Daughter wins case to stop council selling her elderly mother’s house

Year Published: 2014

A recent case in the High Court has ruled in favour of a daughter who took the local council to court to prevent them selling her mother’s home.

Mary Walford who is aged 92, moved into a local council care home in 2006. The council carried out a financial assessment of her assets to ascertain whether or not she could contribute to the cost of her care. Mary owned her own home and the council argued that the value of Mary’s home could be included in the financial assessment when considering Mary’s ability to contribute to the cost of her care. This is normally the case in England.

Mary’s daughter Glen challenged the council because she claimed that she kept a room in the house, even though she lived elsewhere.

The Charging for Residential Accommodation Guidance (CRAG) rules gives guidance to local councils regarding what can and cannot be included in any financial assessment. The rules state that the value of a person’s home must be disregarded from the assessment, if it is occupied by a relative who is aged 60 or over.

Glen’s circumstances were that although she rented a studio flat in London (where she worked in theatre) she had kept a bedroom, office and shed for her own use at her mother’s home. She argued that she had spent money on the maintenance of the property. She was also over 60 when her mother went into care and so her view was that the value of her mother’s property should be disregarded. She also made clear her intention to return to live in the property when she retired, which as she was aged 70, was not long off.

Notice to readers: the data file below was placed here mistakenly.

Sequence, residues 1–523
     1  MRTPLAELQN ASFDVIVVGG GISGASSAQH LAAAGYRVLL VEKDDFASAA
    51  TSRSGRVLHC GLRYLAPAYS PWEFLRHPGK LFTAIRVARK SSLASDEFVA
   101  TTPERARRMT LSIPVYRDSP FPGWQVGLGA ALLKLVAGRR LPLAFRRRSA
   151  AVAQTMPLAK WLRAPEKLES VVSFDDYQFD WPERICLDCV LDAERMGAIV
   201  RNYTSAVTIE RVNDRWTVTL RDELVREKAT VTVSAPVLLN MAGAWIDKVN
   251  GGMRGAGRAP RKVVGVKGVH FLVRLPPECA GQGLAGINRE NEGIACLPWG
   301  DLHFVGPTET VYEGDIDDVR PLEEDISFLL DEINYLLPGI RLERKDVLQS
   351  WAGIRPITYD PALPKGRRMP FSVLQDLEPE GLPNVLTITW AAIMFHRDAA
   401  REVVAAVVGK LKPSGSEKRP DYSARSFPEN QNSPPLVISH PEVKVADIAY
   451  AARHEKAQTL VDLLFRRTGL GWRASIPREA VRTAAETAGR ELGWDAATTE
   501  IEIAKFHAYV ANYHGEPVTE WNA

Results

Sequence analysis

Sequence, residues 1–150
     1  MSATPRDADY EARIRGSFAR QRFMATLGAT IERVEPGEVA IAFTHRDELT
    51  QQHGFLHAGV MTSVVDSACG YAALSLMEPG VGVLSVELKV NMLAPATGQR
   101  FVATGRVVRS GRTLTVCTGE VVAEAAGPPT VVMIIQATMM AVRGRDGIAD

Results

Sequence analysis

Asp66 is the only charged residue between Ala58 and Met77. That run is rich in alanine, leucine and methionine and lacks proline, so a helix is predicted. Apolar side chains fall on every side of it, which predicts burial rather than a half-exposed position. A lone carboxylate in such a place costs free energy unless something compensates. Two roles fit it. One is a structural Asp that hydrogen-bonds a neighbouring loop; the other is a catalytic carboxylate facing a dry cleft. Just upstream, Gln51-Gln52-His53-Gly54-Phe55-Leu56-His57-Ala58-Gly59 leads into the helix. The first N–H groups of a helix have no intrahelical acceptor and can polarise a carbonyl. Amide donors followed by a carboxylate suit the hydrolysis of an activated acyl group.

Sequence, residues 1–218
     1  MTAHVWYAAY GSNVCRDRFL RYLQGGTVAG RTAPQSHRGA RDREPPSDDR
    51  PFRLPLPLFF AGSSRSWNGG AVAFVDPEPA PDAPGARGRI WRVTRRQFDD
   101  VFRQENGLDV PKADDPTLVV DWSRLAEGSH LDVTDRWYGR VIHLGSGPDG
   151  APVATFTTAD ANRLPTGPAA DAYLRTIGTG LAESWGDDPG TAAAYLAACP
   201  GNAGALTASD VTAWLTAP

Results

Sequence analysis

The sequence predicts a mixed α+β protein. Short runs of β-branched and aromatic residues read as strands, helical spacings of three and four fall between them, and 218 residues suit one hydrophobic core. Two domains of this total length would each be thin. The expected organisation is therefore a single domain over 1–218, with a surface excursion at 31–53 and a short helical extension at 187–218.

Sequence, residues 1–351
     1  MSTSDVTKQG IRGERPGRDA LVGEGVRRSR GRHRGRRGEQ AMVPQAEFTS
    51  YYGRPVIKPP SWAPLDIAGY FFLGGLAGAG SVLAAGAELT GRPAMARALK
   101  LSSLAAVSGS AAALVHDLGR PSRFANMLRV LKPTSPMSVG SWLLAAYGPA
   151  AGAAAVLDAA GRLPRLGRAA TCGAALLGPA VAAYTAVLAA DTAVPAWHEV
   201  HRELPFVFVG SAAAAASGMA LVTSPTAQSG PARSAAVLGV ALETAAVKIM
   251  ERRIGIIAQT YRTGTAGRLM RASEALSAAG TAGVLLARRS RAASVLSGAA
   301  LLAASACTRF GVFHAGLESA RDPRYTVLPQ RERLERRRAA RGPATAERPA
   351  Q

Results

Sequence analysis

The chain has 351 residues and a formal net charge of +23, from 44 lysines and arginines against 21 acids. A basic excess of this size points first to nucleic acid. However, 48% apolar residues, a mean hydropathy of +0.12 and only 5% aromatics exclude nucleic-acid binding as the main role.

The Council argued that she didn’t use her mother’s home as her own home but rather as a holiday home, only using it when she travelled up to Worcestershire to visit her mother in the care home.

The Court ruled that the council had applied the test incorrectly by considering whether or not Glen actually occupied the house, or was in permanent residence there. They also indicated that the council should have taken into account Glen’s long relationship with the property and her physical and emotional attachment to it.

The council, not surprisingly, has indicated that it intends to appeal the decision.

If the Court’s decision is allowed to stand, this case could potentially widen the ability for families to argue similar points. Potentially anyone aged over 60 could argue that they had kept a room for themselves in a relative’s property, without actually having to reside there permanently.

We can offer advice on Local Authority assessments where funding is inappropriately refused, not sufficient, reduced or removed. For further information please contact Justine Clowes in our Elderly, Care & Mental Capacity team on 01625 442148.

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